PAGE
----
It is testimony to the excellence of this team forged in the failure of the last few years that nothing less than the treble will count as success. Standing in their way are Wasps, big match experts but out of form and short of match practice.
It would be a major surprise if they were to fold as dramatically as Gloucester did but an even greater shock if they were to win.
There has been much talk in football about the detrimental effects of continual pressure situations, it is used to explain the failures of both Manchester United and Chelsea in Europe but the Tigers have never looked like buckling in what must rate one of the toughest run ins in the history of an English club.
First there were the champions of Wales, Ireland and Scotland, the Ospreys in a Twickenham final, then the semi final Heineken clash with the team of the tournament - until that day - the Llanelli Scarlets.
A second string side lost in Bristol but the big guns re emerged to blast their way into the play offs semis with home advantage guaranteed and Wasps knocked out Bristol was a low key semi final success, but physically tough nonetheless, and then Gloucester in a one sided final, the same Gloucester side which had applied scored 85 points against Bristol and Saracens, the third and fourth placed English teams. And now just Wasps stand between them and one of the greatest domestic seasons.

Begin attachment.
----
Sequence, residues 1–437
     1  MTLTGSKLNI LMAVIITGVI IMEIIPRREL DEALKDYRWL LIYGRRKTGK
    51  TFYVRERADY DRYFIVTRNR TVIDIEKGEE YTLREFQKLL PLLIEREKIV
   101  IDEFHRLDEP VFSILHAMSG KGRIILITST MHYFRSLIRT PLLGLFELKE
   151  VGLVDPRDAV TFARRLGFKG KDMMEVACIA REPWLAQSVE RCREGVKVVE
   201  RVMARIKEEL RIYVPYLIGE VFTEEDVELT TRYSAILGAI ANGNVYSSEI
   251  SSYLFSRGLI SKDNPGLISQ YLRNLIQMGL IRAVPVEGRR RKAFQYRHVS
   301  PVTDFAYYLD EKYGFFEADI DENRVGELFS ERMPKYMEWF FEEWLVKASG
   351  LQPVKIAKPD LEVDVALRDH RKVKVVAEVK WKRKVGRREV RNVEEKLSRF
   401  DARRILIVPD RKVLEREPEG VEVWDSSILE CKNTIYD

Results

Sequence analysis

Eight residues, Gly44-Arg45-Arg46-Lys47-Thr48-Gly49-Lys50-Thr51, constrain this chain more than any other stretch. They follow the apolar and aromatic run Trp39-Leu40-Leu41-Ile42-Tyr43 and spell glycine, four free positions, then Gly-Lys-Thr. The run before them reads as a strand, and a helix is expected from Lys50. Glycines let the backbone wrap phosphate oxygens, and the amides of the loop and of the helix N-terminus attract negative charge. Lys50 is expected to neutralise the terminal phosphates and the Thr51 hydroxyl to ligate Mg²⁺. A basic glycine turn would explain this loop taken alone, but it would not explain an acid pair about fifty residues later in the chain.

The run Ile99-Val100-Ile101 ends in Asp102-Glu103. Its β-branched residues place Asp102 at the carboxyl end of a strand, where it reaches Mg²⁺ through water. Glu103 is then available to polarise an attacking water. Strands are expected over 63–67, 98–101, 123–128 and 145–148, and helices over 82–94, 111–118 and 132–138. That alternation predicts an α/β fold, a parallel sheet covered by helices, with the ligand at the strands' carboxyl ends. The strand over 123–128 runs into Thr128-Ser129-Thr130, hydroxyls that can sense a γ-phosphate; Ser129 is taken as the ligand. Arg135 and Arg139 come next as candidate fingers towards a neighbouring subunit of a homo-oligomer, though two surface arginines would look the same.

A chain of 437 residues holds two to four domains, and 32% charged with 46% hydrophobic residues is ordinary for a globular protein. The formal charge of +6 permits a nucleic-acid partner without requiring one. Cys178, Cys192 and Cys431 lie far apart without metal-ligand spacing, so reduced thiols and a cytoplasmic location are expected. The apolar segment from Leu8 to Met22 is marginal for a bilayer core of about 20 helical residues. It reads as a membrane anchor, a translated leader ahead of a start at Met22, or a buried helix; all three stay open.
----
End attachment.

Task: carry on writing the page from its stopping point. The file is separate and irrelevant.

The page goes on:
Lawrence Dallaglio is one of the strongest willed of rugby players but having seen the raw power of the Tigers it is doubtful whether even he can convince his team that they can do what King Canute could not and turn back an unstoppable tide.
Bath and Clemont Auvergne meet in the final of what has been an excellent quality Challenge Cup. Bath will be hoping that rugby's politicians have reached a resolve by then and are playing for not just a trophy but a route into the Heineken Cup.
I can only echo those sentiments but in this final week of the season, folks, forgive me if I stick on the action on the field and Wasps attempt to stem the Tiger tide